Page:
Ultimately, public policies related to poverty alleviation are critical to overcoming the gap between the rich and poor within and between countries. Lyle V. Jones draws attention to the strong correlation between poverty levels, school expulsions and suspensions, and achievement scores in the United States, Germany, and Japan to underscore the point "that within every one of the nations that participated, poverty is related to achievement…. Based on these findings, there can be little basis for surprise when we discover that the U.S. [with more than double the level of children living in poverty] may lag behind Japan, Germany, and some other countries in average school achievement in mathematics"(p. 8).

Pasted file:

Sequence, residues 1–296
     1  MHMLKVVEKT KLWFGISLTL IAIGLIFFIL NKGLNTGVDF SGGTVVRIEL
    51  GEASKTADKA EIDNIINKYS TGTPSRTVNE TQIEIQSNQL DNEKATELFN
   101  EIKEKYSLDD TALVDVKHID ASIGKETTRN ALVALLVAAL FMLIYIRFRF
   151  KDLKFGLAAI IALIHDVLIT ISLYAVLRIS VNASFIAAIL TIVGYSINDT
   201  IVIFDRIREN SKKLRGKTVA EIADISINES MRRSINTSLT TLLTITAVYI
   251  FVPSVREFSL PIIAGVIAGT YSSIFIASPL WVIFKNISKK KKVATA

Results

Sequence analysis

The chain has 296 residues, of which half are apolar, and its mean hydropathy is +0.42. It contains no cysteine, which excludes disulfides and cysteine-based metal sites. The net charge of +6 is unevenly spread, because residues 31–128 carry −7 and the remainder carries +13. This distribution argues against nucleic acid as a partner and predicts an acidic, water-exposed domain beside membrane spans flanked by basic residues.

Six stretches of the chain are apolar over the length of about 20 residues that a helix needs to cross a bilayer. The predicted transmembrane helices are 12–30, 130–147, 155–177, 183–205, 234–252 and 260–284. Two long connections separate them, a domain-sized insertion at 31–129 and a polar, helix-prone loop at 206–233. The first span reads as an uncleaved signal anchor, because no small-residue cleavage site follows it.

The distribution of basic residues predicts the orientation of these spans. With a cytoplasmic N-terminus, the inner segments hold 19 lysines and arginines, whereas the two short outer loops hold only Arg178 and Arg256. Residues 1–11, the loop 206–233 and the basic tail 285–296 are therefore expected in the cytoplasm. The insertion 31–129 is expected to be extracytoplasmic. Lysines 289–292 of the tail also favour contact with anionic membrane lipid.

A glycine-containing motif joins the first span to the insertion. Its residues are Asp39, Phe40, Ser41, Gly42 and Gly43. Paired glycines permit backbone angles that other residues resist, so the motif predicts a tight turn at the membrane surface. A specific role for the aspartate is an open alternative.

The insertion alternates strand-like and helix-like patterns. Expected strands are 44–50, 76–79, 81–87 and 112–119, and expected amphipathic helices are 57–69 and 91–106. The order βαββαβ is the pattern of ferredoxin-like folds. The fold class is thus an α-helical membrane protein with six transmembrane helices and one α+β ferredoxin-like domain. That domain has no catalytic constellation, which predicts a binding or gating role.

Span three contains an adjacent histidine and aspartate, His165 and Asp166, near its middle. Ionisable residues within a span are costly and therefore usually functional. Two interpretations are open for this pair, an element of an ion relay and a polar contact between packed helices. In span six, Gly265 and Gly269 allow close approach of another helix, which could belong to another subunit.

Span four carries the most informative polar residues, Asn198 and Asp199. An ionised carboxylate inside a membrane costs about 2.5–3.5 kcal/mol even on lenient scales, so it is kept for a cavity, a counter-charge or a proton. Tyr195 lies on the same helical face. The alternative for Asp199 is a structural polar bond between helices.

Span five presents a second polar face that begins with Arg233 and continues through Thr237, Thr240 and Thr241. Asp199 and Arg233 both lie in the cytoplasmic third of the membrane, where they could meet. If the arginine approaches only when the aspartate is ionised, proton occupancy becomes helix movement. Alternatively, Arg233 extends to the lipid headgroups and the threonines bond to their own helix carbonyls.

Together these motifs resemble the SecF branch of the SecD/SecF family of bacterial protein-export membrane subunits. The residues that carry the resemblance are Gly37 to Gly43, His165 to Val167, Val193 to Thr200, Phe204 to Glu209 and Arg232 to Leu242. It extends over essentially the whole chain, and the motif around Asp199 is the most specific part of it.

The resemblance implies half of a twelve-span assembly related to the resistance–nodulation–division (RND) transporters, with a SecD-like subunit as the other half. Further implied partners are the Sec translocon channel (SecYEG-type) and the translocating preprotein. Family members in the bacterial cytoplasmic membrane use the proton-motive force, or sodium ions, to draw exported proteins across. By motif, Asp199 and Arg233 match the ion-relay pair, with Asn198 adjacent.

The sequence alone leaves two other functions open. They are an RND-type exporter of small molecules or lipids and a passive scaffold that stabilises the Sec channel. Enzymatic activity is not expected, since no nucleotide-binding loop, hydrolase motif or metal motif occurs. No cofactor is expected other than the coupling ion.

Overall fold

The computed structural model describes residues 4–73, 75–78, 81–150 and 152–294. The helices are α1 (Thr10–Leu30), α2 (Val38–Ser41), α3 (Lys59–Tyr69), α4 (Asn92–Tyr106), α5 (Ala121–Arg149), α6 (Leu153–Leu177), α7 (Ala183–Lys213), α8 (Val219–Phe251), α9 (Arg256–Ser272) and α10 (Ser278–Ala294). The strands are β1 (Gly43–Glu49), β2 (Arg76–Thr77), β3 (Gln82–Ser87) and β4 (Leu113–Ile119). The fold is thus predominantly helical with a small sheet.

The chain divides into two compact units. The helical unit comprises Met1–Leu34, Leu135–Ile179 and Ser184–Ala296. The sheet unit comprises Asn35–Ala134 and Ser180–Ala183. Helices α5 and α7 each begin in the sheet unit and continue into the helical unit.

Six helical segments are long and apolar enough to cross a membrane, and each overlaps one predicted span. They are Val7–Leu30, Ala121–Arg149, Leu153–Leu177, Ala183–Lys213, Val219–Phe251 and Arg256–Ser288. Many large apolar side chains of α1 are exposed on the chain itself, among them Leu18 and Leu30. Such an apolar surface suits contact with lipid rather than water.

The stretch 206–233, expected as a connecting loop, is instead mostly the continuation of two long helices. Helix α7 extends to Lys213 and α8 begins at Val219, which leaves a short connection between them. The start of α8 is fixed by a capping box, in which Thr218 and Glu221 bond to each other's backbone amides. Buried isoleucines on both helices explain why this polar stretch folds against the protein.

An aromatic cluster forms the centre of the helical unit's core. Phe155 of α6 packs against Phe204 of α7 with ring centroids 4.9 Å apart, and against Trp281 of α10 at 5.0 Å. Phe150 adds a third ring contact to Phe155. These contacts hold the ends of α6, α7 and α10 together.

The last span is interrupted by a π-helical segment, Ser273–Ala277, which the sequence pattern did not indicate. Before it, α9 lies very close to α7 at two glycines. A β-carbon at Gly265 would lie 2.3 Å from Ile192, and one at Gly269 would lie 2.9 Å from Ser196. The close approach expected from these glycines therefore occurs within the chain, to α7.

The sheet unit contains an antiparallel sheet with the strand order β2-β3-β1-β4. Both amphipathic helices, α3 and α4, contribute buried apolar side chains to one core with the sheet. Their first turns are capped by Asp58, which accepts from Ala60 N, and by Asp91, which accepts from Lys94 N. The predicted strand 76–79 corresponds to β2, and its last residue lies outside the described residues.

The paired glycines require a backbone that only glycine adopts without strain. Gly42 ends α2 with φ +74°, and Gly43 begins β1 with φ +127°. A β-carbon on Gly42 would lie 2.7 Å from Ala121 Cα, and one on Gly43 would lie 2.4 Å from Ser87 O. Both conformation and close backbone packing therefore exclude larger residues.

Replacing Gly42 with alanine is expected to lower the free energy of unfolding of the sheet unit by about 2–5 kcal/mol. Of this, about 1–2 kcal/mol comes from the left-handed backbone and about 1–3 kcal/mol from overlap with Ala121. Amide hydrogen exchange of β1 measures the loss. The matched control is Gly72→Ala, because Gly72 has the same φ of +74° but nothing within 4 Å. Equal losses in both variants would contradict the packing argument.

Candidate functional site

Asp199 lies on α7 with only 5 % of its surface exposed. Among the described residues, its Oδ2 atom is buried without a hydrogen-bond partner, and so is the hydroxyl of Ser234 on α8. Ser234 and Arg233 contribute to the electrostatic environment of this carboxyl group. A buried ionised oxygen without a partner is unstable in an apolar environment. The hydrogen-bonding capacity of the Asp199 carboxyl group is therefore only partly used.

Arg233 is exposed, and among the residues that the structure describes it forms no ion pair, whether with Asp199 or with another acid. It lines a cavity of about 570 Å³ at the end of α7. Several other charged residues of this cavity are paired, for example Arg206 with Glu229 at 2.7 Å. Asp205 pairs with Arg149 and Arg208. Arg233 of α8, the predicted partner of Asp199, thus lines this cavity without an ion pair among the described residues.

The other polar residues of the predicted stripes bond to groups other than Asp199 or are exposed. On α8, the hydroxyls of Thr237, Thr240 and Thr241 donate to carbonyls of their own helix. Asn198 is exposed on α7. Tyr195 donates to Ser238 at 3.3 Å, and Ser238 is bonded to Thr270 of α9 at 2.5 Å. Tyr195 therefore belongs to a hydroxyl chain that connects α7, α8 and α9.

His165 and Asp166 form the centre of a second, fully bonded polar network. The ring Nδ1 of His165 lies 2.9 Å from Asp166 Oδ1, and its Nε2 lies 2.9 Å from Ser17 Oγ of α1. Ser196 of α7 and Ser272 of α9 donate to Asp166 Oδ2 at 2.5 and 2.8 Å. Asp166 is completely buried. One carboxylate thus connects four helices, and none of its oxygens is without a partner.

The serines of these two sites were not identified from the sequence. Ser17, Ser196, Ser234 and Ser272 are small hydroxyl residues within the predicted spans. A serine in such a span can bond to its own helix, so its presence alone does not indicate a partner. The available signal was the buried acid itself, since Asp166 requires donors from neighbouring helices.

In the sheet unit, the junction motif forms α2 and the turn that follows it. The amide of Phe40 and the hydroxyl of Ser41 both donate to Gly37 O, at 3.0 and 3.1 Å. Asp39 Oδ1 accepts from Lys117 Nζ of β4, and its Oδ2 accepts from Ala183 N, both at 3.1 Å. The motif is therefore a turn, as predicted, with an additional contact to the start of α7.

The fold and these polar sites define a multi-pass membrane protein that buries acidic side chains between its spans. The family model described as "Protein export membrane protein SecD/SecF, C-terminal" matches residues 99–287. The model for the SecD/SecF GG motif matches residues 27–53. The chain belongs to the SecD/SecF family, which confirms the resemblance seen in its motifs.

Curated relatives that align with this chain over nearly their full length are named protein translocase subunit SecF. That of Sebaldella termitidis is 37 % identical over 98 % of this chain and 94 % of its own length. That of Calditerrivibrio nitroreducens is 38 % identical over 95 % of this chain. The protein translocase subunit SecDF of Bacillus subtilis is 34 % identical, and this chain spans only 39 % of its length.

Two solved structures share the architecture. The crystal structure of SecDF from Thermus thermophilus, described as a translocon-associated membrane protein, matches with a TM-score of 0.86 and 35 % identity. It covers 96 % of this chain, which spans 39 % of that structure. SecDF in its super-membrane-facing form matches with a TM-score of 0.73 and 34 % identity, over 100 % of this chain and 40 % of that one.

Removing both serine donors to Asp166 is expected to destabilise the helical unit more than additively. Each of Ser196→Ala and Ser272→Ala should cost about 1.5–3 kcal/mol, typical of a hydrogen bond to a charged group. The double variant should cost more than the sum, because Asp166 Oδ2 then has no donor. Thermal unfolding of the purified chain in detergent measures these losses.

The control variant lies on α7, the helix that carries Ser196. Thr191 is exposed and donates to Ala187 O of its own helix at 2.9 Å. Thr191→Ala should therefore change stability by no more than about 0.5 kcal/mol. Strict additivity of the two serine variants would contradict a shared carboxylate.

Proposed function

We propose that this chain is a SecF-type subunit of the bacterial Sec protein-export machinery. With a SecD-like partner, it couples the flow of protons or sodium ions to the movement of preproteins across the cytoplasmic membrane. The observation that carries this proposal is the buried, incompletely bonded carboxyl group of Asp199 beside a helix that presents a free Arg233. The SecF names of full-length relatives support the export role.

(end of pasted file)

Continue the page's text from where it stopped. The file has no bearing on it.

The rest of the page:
Unfortunately, current national development and economic policies based on the application of market forces to the provision of social services, and especially education, have led to an expansion and deepening of poverty not only within countries but also between countries and large regions of the world. While certain countries have successfully integrated into the global economy, many countries have not. Among those excluded from the so-called benefits of international market forces and policies of privatization and decentralization are large sectors of Africa, Latin America, Russia and eastern Europe, and Asia. The poorer the country, the greater is the probability that a higher percentage of children will never even enter or complete primary education. For example, in 1990 Marlaine E. Lockheed and Adriaan M. Verspoor found that in thirteen countries with low gross national product the median dropout rate was 41 percent compared with 14 percent for seven upper-middle-income countries. More recent research, summarized in 2000 by the International Institute of Educational Planning as a ten-year follow-up to the 1990 Jomtien, Thailand, international conference on "Education for All," found that "the lower the national income, the greater the inequalities in education within a country," with "the differences between rich and poor, between center and periphery, between men and women, generally greater…the poorer the country" (Hernes, p. 2). While enrollment figures are important indicators of access to schooling, they do not reveal high dropout and repetition rates, especially among disadvantaged groups. Instead, educational attainment and years of schooling have been identified as the key factors in determining subsequent occupational attainment, income, and SES, particularly in highly industrialized countries. Therefore, Table 1 demonstrates the disparity in educational attainment and years of schooling for different regions of the world by income group. Education systems and teachers most frequently bear the brunt in cost reductions in social spending, resulting in the erosion of previous gains for the poorest and most marginalized sectors of the society and an undermining of public schooling relative to that of the private sector.